ABC News’ John R. Parkinson & Matthew Jaffe report:
The debate over President Obama’s health care reforms has been raging for years now, but on Capitol Hill today the debate shifted from the merits of the new law to simply how lawmakers should refer to it.
House Democrats say it should be called the Affordable Care Act, as it’s technically named. Most Republicans prefer to call it ObamaCare.
On the House floor this morning Rep. Debbie Wasserman-Schultz, D-Fla., argued that GOP lawmakers should be forbidden from calling it “ObamaCare” because that term is disparaging to the president.
“We have rules on the House floor that prohibit members from making disparaging remarks about the President of the United States and the Republicans mean ObamaCare as a disparaging term,” Wasserman-Schultz told ABC News in an interview. “The law is called the Affordable Care Act. It is a law that makes sure that people cannot be dropped or denied coverage for pre-existing conditions. It is a law that makes sure that seniors don’t have astronomically high prescription drug costs. It makes sure that children can get the kind of insurance coverage that they desperately need.”
“I think it should be called the Affordable Care Act and Republicans shouldn’t be allowed to continue to make a disparaging reference to the president while expressing their concerns about the provisions in the law,” she added.
Of course, only minutes after Wasserman-Schultz spoke on the floor this morning, Rep. Steve King, R-Iowa, used the term “ObamaCare” a slew of times.
“They’re losing the argument and they’re declaring the name of the policy pejorative. If they were winning, they’d be happy to call it ObamaCare,” King told ABC News afterwards.
“They’re trying to rename it because they can’t win the debate over it,” he said. “The American people have rejected it.”
“I want it to describe what America knows it to be. Rather than having to describe the 2500 pages, I’m just going to continue to call it ObamaCare and let America decide if it’s pejorative.”
King argued that President Obama himself used the term during a health care summit at Blair House last year.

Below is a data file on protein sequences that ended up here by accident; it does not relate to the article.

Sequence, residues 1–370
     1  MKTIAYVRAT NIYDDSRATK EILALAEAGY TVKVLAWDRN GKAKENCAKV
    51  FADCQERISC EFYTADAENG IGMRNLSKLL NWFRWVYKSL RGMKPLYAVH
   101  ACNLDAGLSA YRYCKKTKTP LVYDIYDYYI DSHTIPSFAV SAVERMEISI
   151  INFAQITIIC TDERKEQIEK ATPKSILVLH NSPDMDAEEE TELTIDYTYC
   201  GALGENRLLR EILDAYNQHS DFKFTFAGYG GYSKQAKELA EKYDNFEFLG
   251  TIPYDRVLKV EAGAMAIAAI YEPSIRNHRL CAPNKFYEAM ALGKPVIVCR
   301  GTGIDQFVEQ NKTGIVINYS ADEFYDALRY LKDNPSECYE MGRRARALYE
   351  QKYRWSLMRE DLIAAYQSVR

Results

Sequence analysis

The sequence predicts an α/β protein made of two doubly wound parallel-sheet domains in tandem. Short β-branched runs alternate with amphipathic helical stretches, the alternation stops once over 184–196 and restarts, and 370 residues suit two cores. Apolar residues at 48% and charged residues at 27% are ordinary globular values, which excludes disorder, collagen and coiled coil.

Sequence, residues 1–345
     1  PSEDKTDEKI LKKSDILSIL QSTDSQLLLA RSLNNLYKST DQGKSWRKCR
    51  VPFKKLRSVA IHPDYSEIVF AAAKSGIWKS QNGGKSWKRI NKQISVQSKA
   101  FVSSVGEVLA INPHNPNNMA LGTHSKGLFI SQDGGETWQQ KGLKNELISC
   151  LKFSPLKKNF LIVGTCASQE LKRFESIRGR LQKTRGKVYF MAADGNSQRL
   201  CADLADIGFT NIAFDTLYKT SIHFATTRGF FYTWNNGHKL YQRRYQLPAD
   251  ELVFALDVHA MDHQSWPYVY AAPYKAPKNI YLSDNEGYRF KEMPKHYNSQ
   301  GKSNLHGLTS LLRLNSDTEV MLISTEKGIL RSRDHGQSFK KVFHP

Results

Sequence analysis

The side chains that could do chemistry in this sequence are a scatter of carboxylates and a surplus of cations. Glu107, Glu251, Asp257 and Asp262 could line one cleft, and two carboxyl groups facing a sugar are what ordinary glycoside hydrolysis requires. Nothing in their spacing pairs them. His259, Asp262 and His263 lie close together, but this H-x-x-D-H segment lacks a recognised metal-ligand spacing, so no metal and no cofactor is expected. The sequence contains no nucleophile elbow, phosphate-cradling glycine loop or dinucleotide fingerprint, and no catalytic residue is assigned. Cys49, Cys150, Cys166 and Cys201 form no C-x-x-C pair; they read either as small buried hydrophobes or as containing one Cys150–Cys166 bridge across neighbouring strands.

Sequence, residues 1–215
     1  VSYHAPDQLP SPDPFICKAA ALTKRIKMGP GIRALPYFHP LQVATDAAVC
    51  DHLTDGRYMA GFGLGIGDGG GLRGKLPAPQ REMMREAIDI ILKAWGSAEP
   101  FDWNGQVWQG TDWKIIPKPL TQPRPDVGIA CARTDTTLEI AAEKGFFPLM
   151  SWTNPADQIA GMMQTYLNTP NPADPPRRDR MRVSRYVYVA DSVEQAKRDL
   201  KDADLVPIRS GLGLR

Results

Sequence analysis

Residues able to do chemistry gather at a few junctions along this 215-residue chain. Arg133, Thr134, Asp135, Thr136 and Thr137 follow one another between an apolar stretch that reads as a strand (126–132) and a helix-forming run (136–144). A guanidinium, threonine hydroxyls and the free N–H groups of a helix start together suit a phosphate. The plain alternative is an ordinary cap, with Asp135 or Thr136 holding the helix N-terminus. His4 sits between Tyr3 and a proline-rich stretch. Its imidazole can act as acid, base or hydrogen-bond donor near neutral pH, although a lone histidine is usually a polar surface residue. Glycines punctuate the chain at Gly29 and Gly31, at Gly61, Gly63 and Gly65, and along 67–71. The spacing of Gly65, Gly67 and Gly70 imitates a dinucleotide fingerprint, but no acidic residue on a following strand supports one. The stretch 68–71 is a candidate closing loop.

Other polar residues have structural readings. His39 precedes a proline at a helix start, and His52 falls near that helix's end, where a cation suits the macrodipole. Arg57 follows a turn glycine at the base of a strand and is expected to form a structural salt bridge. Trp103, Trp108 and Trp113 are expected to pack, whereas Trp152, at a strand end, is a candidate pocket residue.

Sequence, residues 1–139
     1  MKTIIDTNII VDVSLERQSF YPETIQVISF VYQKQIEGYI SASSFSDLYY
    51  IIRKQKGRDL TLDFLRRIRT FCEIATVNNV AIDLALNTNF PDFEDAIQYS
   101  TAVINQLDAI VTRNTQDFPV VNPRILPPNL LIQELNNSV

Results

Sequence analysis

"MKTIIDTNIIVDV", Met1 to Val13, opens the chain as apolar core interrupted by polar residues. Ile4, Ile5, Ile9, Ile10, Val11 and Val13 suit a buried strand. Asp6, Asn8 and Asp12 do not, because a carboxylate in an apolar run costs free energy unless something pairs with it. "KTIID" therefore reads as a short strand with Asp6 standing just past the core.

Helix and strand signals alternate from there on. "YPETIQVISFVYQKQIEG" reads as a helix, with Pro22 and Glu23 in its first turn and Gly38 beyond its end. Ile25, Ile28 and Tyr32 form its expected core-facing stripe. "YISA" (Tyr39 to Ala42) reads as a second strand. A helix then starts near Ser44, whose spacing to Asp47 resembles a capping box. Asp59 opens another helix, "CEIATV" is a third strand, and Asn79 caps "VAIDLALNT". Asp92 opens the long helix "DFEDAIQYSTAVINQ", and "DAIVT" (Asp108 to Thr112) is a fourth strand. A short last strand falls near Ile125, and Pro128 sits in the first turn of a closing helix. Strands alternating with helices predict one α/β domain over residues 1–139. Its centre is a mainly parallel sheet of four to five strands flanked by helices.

“President Obama called it ObamaCare. I know he uses his middle name but no one else can, but he’s named it ObamaCare and that’s the only way to describe it. It’s the best way to describe it.”
The President did reference the term, saying, “It turns out that more Americans are now getting their health care coverage from government than those that are getting it from the private sector. And you know what, that’s without a bill from the Democrats or from President Obama. Has nothing to do with “Obamacare.”
But why not just call it the Affordable Care Act?
“It’s not affordable in the first place,” King replied. “It’s $2.6 trillion in spending over the first ten years, so that doesn’t work. I don’t know what else to call it.”
“It’s an over-spending bill that is the largest taking of American liberty in the history of the United States. It takes away our ability to control our own health. It’s a nationalization of our skin and everything inside it – and it’s a ten percent tax on the outside if you go to the tanning salon. I’ve called it a malignant tumor that threatens to metastasize. All of that’s under the moniker ObamaCare. But the other side has argued and defended it, so if they were successful, they wouldn’t think the term ObamaCare was pejorative,” King added.
“This is a piece of language that if you google it, you get millions of hits on ObamaCare,” King said. “It’s got to be in dictionaries by now – I haven’t checked – but it’ll certainly be in dictionaries in the future. I think as children read this in their history books, they will read ObamaCare.”
“It’s in the vernacular. In fact,” he quipped, “it’s in my spell check.”